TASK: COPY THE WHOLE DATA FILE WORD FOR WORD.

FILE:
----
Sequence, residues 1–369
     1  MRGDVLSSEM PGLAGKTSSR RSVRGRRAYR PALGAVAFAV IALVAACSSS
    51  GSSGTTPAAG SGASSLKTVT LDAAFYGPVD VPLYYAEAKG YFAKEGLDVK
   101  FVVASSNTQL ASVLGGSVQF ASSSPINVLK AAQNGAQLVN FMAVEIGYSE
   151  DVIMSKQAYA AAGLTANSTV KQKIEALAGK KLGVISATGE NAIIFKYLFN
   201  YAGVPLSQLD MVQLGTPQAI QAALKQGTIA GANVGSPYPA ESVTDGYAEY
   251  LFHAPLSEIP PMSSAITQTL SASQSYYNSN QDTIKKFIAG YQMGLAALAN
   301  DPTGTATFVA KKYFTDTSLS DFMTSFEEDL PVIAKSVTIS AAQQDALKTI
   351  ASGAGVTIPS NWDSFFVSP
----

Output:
Sequence, residues 1–369
     1  MRGDVLSSEM PGLAGKTSSR RSVRGRRAYR PALGAVAFAV IALVAACSSS
    51  GSSGTTPAAG SGASSLKTVT LDAAFYGPVD VPLYYAEAKG YFAKEGLDVK
   101  FVVASSNTQL ASVLGGSVQF ASSSPINVLK AAQNGAQLVN FMAVEIGYSE
   151  DVIMSKQAYA AAGLTANSTV KQKIEALAGK KLGVISATGE NAIIFKYLFN
   201  YAGVPLSQLD MVQLGTPQAI QAALKQGTIA GANVGSPYPA ESVTDGYAEY
   251  LFHAPLSEIP PMSSAITQTL SASQSYYNSN QDTIKKFIAG YQMGLAALAN
   301  DPTGTATFVA KKYFTDTSLS DFMTSFEEDL PVIAKSVTIS AAQQDALKTI
   351  ASGAGVTIPS NWDSFFVSP